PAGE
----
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The Xenophile Historian

K. U. P.

(Kimball's Unauthorized Perversion)

The Myth of Afghan Invincibility

When it became clear that the United States would have to attack Afghanistan to get the terrorists behind the September 11 attack, an e-mail started circulating that declared Afghanistan unconquerable. It focussed on Alexander the Great's experience there, that of the British army in the mid-nineteenth century ("the Great Game"), and Russia's intervention in the 1970s and 80s. From that comes a declaration that no foreign army has ever successfully invaded Afghanistan.

Hold it there! That's an exaggeration at best. I can think of several ancient and medieval conquerors who marched through Afghanistan without much fuss. A better statement would be that no modern army has conquered the country. Here are the successful ones which come to mind:

1. Cyaxares (sometime between 625 and 590 B.C.). No documentation exists for the campaign which extended the Median kingdom's boundary east. We know it was successful, though, and Afghanistan became the base of operations for the prophet Zoroaster, after he was expelled from Ecbatana.

2. Cyrus II (545-540 B.C.). Again very few details, but if Cyrus hadn't succeeded here, Darius I would have had a hard time in India (518).

3. Alexander (330-327 B.C.). Yes, that Alexander. He may have had little to show for his wandering in Central Asia, but my maps of the Hellenistic world show Afghanistan under Greek rule for nearly two hundred years after him, first as part of the Seleucid Kingdom, and then as the Greek-speaking kingdom of Bactria. That looks like a successful pacification to me.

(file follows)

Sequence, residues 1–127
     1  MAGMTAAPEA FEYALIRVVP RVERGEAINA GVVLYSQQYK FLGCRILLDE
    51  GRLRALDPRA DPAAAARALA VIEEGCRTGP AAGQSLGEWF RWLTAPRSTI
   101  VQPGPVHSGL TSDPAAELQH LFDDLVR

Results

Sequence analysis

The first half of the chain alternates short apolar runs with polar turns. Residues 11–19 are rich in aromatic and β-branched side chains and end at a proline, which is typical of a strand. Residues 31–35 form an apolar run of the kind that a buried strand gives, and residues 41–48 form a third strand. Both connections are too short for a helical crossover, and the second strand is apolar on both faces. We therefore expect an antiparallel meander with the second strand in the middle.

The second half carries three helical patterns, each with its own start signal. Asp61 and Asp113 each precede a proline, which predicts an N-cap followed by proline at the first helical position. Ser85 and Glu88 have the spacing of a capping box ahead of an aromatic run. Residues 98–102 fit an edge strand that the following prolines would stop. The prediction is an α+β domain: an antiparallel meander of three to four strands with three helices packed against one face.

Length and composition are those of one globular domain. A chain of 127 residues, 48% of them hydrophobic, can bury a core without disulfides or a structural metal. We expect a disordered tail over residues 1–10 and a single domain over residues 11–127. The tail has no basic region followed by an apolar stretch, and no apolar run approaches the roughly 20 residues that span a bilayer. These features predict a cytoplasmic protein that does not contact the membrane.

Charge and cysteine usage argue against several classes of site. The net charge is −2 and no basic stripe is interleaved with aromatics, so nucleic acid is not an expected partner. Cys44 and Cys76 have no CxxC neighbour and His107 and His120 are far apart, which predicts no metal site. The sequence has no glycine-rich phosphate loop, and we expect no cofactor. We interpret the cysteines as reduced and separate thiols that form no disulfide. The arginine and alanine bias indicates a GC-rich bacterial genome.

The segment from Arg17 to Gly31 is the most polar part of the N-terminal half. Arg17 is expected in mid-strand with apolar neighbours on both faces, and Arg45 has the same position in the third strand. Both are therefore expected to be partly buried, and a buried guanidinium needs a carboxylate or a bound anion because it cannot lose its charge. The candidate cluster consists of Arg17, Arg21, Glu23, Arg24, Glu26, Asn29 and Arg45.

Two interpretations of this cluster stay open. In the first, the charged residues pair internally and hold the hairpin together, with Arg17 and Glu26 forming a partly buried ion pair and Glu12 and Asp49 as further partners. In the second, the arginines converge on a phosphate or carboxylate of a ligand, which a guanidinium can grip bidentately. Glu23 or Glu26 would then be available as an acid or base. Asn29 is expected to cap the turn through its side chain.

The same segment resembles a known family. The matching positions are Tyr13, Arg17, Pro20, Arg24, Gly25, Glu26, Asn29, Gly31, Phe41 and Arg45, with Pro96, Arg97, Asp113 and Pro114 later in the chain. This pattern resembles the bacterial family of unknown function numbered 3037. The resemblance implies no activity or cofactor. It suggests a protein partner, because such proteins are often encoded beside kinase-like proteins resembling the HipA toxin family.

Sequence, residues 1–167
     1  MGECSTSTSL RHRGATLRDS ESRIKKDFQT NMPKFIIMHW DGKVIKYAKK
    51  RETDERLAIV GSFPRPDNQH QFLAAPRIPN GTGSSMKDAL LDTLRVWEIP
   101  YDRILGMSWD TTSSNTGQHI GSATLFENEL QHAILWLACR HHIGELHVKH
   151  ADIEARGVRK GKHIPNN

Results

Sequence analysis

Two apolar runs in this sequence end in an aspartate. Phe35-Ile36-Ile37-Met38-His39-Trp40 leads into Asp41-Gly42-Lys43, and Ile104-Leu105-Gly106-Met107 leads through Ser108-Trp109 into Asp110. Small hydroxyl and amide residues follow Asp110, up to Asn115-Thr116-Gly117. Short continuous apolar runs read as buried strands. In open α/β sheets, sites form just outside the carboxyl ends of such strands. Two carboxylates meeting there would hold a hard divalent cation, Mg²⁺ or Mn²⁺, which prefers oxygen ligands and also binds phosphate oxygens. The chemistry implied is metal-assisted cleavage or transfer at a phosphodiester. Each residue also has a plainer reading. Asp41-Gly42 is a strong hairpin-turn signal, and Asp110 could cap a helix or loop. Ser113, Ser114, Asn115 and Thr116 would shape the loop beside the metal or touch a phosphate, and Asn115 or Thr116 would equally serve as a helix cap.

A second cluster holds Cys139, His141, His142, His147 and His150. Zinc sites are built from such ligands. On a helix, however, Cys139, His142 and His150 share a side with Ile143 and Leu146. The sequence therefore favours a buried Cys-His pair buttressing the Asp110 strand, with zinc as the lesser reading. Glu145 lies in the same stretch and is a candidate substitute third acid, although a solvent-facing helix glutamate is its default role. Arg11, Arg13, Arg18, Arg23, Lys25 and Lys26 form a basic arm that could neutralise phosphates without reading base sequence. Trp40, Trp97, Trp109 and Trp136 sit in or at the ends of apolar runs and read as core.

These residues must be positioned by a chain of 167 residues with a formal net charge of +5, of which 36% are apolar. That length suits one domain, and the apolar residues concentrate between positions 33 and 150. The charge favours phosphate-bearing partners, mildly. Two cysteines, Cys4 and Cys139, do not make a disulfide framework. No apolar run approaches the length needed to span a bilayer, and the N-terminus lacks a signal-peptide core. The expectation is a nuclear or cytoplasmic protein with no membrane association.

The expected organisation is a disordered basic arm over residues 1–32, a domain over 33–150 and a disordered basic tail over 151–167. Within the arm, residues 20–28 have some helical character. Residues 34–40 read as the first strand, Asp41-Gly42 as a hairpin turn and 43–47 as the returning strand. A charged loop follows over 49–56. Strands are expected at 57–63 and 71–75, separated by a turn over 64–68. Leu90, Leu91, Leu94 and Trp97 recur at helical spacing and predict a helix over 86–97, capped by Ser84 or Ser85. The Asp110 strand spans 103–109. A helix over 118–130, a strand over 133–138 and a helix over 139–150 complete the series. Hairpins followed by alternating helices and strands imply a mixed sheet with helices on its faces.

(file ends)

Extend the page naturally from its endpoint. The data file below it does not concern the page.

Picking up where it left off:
4. The Sakas and Tocharians (140-130 B.C.). Afghanistan would become the core of Kushan, the Tocharian kingdom.

5. The White Huns (440 A.D.).

6. The Western Turks (553-565).

7. Qutaiba (705), the Arab general who also brought Turkmenistan and Uzbekistan under Islamic rule.

8. The Samanids, a Sunni Persian dynasty (900).

9. The Seljuk Turks (1037-1040).

10. Genghis Khan (1221). The Mongols used Afghanistan as a base to raid India until 1327.

11. Timur (Tamerlane). His reign (1369-1405) was one of almost constant war, and like Genghis and Alexander, he never lost a battle. At least three times he marched into Afghanistan. In 1370 he killed a rival based there, Mir Husayn. In 1383 he put down a revolt at Herat, and built a tower by cementing 2,000 live captives together. In 1398 he passed through on the way to India. Afghanistan remained an important part of the Timurid Empire until the last of its rulers, Babur, moved to India and started the Mogul Empire (1526). For the next two hundred years Afghanistan, especially the city of Kandahar, was often in dispute between the Moguls and the rulers of Persia. Finally in 1747 the Afghans got a king of their own, Ahmad Shah Durrani.

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